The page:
The Questions That We Ask Determine the Answers That We Get


When I was entering graduate school in 1978, there were 29 new Ph.D.’s for every tenure-track job opening in English. It was the period in which anecdotes about Ph.D.’s driving taxi cabs became commonplace.

I didn’t know that information at the time, but it became very apparent as I made my way through the Masters and doctoral programs. Very few students in the cohort ahead of me stayed on to pursue a Ph.D. The cohort that included me essentially vanished. And the cohort that followed me has a much more nuts-and-bolts point of view about graduate education. They seemed to feel very little of the joy that I felt about simply being in graduate school and, instead, to be focused immediately and intently on doing everything that they could to enhance their chances of securing a tenure-track position.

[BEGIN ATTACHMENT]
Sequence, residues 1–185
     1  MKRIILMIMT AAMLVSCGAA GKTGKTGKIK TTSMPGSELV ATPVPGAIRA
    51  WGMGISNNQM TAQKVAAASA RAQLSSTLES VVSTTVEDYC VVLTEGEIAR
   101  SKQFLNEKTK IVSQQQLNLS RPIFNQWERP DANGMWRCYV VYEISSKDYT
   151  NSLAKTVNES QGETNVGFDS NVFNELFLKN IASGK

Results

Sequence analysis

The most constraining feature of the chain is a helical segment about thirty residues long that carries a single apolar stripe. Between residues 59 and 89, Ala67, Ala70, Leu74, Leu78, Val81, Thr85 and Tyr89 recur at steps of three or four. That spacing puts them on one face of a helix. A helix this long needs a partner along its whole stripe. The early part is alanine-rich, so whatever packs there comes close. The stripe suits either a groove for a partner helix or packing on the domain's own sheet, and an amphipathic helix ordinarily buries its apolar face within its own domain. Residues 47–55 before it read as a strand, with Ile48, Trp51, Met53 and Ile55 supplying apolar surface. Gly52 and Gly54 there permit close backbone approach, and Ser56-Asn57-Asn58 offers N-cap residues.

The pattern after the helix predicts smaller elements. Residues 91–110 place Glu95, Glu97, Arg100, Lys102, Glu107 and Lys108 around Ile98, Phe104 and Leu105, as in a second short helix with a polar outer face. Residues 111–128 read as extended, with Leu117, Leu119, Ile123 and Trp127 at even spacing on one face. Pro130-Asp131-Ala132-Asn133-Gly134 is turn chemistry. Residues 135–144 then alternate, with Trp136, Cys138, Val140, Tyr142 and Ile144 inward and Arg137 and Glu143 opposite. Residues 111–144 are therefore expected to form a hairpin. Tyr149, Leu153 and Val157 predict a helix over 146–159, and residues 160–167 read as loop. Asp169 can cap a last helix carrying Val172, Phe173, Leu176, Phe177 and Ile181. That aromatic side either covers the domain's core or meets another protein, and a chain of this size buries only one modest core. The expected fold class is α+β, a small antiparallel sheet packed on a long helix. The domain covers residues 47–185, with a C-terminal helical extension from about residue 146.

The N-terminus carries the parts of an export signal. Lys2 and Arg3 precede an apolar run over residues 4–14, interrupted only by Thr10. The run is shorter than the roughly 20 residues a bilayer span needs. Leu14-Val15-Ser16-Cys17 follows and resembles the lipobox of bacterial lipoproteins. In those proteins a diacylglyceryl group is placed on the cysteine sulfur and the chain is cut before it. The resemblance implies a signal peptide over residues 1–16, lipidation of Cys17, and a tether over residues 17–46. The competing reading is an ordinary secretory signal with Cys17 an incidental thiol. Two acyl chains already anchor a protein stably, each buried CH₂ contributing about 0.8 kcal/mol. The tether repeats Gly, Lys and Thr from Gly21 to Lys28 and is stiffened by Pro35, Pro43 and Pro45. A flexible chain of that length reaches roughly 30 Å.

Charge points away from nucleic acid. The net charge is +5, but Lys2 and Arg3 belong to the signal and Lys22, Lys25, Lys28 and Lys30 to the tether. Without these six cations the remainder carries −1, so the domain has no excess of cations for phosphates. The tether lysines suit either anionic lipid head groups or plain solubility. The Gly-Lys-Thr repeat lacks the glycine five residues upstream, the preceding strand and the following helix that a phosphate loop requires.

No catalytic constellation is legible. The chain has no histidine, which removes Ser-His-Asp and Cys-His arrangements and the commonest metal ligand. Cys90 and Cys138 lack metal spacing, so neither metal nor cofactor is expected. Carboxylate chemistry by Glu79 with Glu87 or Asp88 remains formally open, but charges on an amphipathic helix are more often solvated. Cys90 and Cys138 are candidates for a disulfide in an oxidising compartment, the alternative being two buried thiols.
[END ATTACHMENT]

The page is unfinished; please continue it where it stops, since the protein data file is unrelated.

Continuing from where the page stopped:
I started graduate school in the transition between the baby-boom years, when…

View original post 1,040 more words


Leave a Reply

Fill in your details below or click an icon to log in: Logo

You are commenting using your account. Log Out /  Change )

Google+ photo

You are commenting using your Google+ account. Log Out /  Change )

Twitter picture

You are commenting using your Twitter account. Log Out /  Change )

Facebook photo

You are commenting using your Facebook account. Log Out /  Change )


Connecting to %s